Wal-Mart, the world's biggest retailer, has called on merchants to reject a multi-billion-dollar settlement deal over credit-card fees, saying it was not in their or consumers' interest.
The proposed settlement, announced this month as a resolution of a class-action suit by merchants over so-called "swipe" fees, would deprive merchants of their rights, Wal-Mart Stores said in a statement.
"The proposed settlement would not structurally change the broken market or prohibit credit card networks from continually increasing hidden swipe fees, which already cost consumers tens of billions of dollars each year," it said.
In the proposed settlement announced on July 13, credit card giants Visa and MasterCard agreed to pay more than $US6 billion ($A5.87 billion) to millions of merchants which had sued them for allegedly fixing card-use fees.
Visa agreed to pay $US4.03 billion ($A3.94 billion) while MasterCard, as well as card-issuing banks that were part of the suit, would pay $US2.02 billion ($A1.98 billion), according to New York federal court documents.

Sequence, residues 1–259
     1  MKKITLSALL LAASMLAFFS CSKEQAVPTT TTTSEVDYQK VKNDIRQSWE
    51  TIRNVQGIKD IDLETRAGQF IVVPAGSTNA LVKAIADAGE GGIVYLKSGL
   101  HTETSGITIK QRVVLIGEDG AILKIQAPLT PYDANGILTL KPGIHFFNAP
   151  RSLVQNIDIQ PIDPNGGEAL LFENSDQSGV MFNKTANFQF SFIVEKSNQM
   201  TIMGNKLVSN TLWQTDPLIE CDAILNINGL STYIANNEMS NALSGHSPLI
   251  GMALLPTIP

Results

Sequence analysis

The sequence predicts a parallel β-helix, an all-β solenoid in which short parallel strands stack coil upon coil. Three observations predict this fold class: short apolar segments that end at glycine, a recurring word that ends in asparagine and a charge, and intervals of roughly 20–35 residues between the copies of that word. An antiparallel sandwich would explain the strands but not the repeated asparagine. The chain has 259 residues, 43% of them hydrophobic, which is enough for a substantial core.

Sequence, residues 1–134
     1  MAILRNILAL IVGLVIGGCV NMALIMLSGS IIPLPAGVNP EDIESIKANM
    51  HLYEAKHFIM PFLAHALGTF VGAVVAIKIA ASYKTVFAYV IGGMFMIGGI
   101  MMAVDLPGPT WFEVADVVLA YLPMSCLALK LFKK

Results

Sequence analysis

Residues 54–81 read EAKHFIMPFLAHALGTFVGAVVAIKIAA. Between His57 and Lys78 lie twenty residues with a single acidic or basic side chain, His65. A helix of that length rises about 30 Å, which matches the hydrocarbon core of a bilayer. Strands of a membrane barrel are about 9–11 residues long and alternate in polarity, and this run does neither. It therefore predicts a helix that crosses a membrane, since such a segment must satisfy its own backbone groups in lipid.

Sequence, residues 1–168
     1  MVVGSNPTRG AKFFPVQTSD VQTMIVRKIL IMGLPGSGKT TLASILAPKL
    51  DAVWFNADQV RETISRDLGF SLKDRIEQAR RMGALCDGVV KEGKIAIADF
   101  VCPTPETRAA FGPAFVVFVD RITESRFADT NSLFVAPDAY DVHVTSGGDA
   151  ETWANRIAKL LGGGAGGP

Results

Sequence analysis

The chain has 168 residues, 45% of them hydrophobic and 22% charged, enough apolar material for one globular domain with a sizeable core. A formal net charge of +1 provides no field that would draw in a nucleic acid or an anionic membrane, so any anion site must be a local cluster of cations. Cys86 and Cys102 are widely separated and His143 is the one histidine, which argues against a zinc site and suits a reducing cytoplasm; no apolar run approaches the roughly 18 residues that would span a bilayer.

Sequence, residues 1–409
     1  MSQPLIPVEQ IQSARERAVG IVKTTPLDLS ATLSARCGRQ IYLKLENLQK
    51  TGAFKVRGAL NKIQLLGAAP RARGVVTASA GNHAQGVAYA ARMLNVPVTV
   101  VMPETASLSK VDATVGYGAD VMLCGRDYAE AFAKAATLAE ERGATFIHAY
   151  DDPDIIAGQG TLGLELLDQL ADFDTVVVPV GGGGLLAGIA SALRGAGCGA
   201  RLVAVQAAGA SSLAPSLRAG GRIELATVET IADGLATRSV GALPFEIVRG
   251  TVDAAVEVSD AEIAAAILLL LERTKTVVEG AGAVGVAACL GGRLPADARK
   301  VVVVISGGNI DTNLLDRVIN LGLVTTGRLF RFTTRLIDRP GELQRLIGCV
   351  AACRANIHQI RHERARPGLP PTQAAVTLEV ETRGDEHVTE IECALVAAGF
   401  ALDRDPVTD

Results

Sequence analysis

Visa and MasterCard would also have to cut their so-called "swipe" fees for eight months that could give the merchants another $US1.2 billion ($A1.17 billion) in relief.
The Arkansas-based Wal-Mart, which operates in 27 countries, charged that the deal "would require merchants to broadly waive their rights to take action against the credit card networks for detrimental conduct or acts".
"We encourage all merchants to put consumers first and reject the settlement."
The proposed settlement requires court approval.